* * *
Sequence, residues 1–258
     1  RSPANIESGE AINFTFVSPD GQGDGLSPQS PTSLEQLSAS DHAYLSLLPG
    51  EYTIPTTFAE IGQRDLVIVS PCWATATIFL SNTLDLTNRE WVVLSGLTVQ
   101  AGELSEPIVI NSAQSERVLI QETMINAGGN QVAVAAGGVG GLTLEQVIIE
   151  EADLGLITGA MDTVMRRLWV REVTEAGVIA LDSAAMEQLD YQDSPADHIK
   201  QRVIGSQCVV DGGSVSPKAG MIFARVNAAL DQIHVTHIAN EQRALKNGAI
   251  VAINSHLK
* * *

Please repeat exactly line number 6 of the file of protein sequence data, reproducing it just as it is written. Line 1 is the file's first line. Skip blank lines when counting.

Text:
   201  QRVIGSQCVV DGGSVSPKAG MIFARVNAAL DQIHVTHIAN EQRALKNGAI